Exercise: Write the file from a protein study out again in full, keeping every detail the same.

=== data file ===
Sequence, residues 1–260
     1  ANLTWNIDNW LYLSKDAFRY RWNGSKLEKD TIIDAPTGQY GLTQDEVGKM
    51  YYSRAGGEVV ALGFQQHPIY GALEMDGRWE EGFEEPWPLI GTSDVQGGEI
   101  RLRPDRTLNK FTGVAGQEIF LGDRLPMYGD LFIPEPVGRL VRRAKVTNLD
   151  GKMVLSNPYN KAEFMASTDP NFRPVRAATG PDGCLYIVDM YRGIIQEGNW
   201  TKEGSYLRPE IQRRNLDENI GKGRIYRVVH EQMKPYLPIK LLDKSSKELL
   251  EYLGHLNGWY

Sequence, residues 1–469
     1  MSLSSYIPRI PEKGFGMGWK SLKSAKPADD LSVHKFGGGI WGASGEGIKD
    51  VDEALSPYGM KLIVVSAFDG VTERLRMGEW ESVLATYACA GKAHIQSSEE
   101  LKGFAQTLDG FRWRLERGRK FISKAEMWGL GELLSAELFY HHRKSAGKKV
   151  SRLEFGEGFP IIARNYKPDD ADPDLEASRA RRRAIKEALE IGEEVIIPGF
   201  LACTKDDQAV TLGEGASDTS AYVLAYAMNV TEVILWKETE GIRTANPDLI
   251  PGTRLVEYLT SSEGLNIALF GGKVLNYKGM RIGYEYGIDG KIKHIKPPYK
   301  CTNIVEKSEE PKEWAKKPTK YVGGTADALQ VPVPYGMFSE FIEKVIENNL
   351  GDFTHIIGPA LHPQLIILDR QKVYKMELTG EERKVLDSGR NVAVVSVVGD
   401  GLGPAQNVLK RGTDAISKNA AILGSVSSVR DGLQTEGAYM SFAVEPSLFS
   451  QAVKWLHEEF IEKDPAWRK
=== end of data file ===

Sequence, residues 1–260
     1  ANLTWNIDNW LYLSKDAFRY RWNGSKLEKD TIIDAPTGQY GLTQDEVGKM
    51  YYSRAGGEVV ALGFQQHPIY GALEMDGRWE EGFEEPWPLI GTSDVQGGEI
   101  RLRPDRTLNK FTGVAGQEIF LGDRLPMYGD LFIPEPVGRL VRRAKVTNLD
   151  GKMVLSNPYN KAEFMASTDP NFRPVRAATG PDGCLYIVDM YRGIIQEGNW
   201  TKEGSYLRPE IQRRNLDENI GKGRIYRVVH EQMKPYLPIK LLDKSSKELL
   251  EYLGHLNGWY

Sequence, residues 1–469
     1  MSLSSYIPRI PEKGFGMGWK SLKSAKPADD LSVHKFGGGI WGASGEGIKD
    51  VDEALSPYGM KLIVVSAFDG VTERLRMGEW ESVLATYACA GKAHIQSSEE
   101  LKGFAQTLDG FRWRLERGRK FISKAEMWGL GELLSAELFY HHRKSAGKKV
   151  SRLEFGEGFP IIARNYKPDD ADPDLEASRA RRRAIKEALE IGEEVIIPGF
   201  LACTKDDQAV TLGEGASDTS AYVLAYAMNV TEVILWKETE GIRTANPDLI
   251  PGTRLVEYLT SSEGLNIALF GGKVLNYKGM RIGYEYGIDG KIKHIKPPYK
   301  CTNIVEKSEE PKEWAKKPTK YVGGTADALQ VPVPYGMFSE FIEKVIENNL
   351  GDFTHIIGPA LHPQLIILDR QKVYKMELTG EERKVLDSGR NVAVVSVVGD
   401  GLGPAQNVLK RGTDAISKNA AILGSVSSVR DGLQTEGAYM SFAVEPSLFS
   451  QAVKWLHEEF IEKDPAWRK